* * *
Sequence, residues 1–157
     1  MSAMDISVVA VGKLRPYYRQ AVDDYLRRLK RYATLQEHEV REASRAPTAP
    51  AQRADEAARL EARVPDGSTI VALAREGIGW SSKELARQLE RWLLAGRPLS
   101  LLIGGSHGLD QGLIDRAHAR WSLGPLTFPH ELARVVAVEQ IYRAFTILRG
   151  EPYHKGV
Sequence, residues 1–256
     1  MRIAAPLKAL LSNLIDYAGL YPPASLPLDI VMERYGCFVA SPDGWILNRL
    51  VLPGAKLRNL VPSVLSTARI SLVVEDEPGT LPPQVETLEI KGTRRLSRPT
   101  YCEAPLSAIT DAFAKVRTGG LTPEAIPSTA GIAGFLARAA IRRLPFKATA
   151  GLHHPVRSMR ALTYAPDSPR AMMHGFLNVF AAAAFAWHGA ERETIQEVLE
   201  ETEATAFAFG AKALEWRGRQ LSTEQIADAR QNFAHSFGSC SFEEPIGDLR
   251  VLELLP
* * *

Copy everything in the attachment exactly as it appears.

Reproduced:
Sequence, residues 1–157
     1  MSAMDISVVA VGKLRPYYRQ AVDDYLRRLK RYATLQEHEV REASRAPTAP
    51  AQRADEAARL EARVPDGSTI VALAREGIGW SSKELARQLE RWLLAGRPLS
   101  LLIGGSHGLD QGLIDRAHAR WSLGPLTFPH ELARVVAVEQ IYRAFTILRG
   151  EPYHKGV
Sequence, residues 1–256
     1  MRIAAPLKAL LSNLIDYAGL YPPASLPLDI VMERYGCFVA SPDGWILNRL
    51  VLPGAKLRNL VPSVLSTARI SLVVEDEPGT LPPQVETLEI KGTRRLSRPT
   101  YCEAPLSAIT DAFAKVRTGG LTPEAIPSTA GIAGFLARAA IRRLPFKATA
   151  GLHHPVRSMR ALTYAPDSPR AMMHGFLNVF AAAAFAWHGA ERETIQEVLE
   201  ETEATAFAFG AKALEWRGRQ LSTEQIADAR QNFAHSFGSC SFEEPIGDLR
   251  VLELLP